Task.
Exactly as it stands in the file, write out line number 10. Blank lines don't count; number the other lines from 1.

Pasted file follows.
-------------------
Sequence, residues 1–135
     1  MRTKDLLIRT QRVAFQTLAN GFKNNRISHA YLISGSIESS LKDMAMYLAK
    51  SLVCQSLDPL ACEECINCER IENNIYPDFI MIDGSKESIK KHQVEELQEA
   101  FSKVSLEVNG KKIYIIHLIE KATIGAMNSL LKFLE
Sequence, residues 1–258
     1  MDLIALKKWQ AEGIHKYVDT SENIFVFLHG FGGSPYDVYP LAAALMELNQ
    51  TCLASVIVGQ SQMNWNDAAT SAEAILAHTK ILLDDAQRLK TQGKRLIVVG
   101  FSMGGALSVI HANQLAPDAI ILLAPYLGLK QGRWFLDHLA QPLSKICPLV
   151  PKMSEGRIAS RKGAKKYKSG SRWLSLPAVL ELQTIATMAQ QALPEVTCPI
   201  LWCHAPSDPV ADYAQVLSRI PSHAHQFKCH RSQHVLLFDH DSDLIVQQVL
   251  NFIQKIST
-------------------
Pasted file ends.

   201  LWCHAPSDPV ADYAQVLSRI PSHAHQFKCH RSQHVLLFDH DSDLIVQQVL